Before you started having conversations about your sexuality with your nearest and dearest, did the dating apps on your phone know?
That was certainly the case for radio presenter Nick McCluskey. He was 15-years-old when he started to realise he was gay – and he found the idea of coming out pretty daunting.
Nick, 23, from London, tells Metro.co.uk: ‘It was kind of this big, intimidating thing.’
That’s why he turned to dating apps. ‘In terms of exploring my sexuality, it was definitely easier to use apps like Grindr or Tinder,’ he says. Although he’s quick to add: ‘Of course, I was too young for Grindr, so I got banned on there.’
Nick uses the word ‘intimidating’ a lot when he talks about coming out. ‘We hadn’t had an openly queer person in my family for many, many years,’ he explains.
‘I think one of the reasons I didn’t tell them I was gay was purely because, in our family, it was kind of unheard of. To be perfectly honest, it wasn’t normal.’ On the apps on the other hand, Nick was one of many.
And coming out on a dating app is much more simple: it’s a case of just toggling a different gender to search for as you swipe.
It’s perhaps easy then to see then why someone would explore their sexuality online as a first port of call.
Melissa Hobley, global CMO of Tinder, tells Metro.co.uk that the company has heard of this kind of thing happening ‘time and time again’.
Indeed, Tinder’s new Future of Dating Report found that over half (54%) of 1,000 surveyed LGBTQIA+ identifying 18-25-year-olds said that they were out on a dating app before they were out to friends and family.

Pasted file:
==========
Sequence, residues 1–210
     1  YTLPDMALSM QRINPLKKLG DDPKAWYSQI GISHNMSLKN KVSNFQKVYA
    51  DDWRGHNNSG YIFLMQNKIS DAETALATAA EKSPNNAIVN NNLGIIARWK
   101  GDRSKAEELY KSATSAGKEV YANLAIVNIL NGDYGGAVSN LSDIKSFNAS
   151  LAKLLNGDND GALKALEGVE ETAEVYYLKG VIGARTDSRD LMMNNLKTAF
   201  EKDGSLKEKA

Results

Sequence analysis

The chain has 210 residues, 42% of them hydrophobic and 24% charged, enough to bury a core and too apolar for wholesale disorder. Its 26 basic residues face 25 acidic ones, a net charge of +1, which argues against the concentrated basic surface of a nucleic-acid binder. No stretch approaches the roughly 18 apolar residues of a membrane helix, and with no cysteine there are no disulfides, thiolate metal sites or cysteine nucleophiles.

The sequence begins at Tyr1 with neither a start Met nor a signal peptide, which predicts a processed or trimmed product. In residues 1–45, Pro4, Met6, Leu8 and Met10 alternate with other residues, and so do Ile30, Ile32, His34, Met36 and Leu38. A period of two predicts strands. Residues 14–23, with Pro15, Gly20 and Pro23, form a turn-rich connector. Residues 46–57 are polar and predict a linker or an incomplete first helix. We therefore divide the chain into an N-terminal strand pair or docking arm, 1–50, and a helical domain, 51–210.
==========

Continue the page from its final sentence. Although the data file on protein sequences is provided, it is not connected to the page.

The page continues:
And it’s not just the younger generation utilising apps in this way. Mum-of-two Nicola Chan, 40, took to dating apps to explore her bisexuality when she was 38. In a relationship in the time, and not openly bisexual, the apps were an accessible way learn more about her identity.
‘Looking for any relationship at that age was strange anyway, because I’d been married for 16 years,’ recalls the mind and body confidence coach. ‘When I was last single, there hadn’t been social media or apps.’
Nicola’s new partner at the time (who she’s no longer with) knew her thoughts about her sexuality, but not that she was talking to other people this way.
‘He just thought that sexuality was more about having sex with someone,’ she says. ‘And so for him, he was like, “If you want to go have sex with someone, you could go do that”, but he didn’t understand that I wanted to speak to people and build a relationship.
‘I spoke to loads of other people who were in the same position as me. People who were married and curious about their sexuality, and hadn’t been able to do anything about it because of their relationship. Apps just made it more accessible to do that.’
Counselling Directory member Daniel Browne goes so far as to say dating apps can be ‘a safe haven’ for LGBTQ+ people who don’t feel like they can come out publicly.
‘[They] can [come out] on the apps because other users get it a bit more than their families, friends and wider society might,’ he adds.
‘In an ideal world, everyone would be free to be out, proud, and accepted. While the current reality is different for a lot of LGBT+ people, sometimes the only place it’s possible to be out is on a dating app.’